March 30 (Bloomberg) -- The permanent European rescue fund won’t allay investors’ concerns about peripheral nations’ debt restructuring and may not prevent sovereign downgrades in the short term, Fitch Ratings said.
“For so long as the ‘solvency’ of peripheral” countries is “in doubt, the introduction of the ESM from July 2013 as a senior creditor, combined with the political commitment to ensure private sector ‘burden-sharing,’ potentially heightens rather than diminishes market fears of a sovereign debt restructuring, including on currently outstanding debt,” Fitch wrote in a report today in London.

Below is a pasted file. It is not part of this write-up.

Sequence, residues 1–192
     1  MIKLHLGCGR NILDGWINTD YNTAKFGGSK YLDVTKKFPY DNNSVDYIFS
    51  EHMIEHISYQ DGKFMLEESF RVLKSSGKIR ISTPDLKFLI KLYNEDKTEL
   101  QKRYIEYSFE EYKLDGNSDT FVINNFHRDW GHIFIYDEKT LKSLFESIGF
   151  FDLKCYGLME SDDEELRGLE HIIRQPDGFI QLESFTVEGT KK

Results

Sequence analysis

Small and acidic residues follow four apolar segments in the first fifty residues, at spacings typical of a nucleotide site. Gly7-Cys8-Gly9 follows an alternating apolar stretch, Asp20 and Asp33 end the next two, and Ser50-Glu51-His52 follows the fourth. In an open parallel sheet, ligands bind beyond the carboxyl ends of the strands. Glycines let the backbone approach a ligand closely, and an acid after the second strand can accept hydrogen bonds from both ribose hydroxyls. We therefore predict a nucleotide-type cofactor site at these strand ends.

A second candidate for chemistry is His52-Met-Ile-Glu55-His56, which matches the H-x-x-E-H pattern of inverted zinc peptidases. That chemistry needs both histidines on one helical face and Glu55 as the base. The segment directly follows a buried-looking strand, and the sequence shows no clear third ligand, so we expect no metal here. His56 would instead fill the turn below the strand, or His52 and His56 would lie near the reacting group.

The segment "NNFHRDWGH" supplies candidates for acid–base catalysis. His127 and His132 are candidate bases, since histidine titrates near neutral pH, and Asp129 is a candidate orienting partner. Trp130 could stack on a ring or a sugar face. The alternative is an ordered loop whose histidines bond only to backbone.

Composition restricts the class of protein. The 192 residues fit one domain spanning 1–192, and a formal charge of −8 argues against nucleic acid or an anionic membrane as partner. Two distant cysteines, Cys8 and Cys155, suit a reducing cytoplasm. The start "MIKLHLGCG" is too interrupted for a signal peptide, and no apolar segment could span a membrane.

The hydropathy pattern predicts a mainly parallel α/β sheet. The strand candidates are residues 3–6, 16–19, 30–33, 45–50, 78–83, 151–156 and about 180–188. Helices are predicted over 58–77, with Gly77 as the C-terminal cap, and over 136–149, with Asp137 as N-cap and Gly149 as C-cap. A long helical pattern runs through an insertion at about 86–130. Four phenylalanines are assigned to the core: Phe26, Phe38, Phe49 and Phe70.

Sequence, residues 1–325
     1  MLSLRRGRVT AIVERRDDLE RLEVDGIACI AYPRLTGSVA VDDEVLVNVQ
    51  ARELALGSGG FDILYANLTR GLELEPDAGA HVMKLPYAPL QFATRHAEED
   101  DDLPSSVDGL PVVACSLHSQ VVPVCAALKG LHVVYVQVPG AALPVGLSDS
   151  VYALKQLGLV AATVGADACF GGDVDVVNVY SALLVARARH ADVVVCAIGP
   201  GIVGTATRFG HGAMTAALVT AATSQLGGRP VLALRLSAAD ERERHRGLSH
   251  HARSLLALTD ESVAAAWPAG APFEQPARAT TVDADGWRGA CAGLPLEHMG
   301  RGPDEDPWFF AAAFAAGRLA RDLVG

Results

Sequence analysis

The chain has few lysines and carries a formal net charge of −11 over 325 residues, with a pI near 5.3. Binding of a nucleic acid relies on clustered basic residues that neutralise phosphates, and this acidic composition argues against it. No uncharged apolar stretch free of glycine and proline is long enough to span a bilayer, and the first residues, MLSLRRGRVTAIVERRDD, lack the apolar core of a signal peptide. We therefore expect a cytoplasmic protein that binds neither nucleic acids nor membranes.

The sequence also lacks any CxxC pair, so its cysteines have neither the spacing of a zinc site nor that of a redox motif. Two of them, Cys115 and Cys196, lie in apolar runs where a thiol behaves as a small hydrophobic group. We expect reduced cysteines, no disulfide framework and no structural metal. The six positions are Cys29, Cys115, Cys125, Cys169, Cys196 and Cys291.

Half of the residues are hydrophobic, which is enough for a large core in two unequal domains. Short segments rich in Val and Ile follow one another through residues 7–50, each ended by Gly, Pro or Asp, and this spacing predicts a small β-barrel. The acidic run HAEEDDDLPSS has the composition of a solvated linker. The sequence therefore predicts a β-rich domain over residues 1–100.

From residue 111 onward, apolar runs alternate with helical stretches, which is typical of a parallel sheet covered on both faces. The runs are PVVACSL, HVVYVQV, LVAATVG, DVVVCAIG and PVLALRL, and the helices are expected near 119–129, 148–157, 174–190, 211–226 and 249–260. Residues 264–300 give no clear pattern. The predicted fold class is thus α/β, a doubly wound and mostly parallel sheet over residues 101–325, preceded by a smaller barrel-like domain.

The European Stability Mechanism will replace the temporary European Financial Stability Facility which forms the lion’s share of the 750 billion euro ($1.1 trillion) bailout pool agreed by European leaders nearly a year ago.
The ESM has “not enhanced the prospects for so-called peripheral” nations “to secure affordable market funding -- crucial if they are to exit from emergency support and place public debt on a sustainable path and hence stabilize their sovereign credit profiles and ratings,” Fitch said.
Fitch’s rival, Standard & Poor’s, downgraded Portugal and Greece yesterday, saying the European Union’s new bailout rules may mean that both nations eventually renege on their debt obligations.
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